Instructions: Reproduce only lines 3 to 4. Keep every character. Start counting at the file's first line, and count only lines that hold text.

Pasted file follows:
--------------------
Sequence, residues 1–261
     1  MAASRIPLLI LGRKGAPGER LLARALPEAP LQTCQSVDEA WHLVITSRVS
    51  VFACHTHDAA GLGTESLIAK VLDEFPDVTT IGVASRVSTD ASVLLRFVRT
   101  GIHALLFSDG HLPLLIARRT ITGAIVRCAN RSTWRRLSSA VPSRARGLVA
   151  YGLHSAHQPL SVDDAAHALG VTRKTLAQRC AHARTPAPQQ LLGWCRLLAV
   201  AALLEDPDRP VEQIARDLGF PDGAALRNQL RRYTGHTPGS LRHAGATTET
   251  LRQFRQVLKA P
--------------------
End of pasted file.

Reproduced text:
    51  VFACHTHDAA GLGTESLIAK VLDEFPDVTT IGVASRVSTD ASVLLRFVRT
   101  GIHALLFSDG HLPLLIARRT ITGAIVRCAN RSTWRRLSSA VPSRARGLVA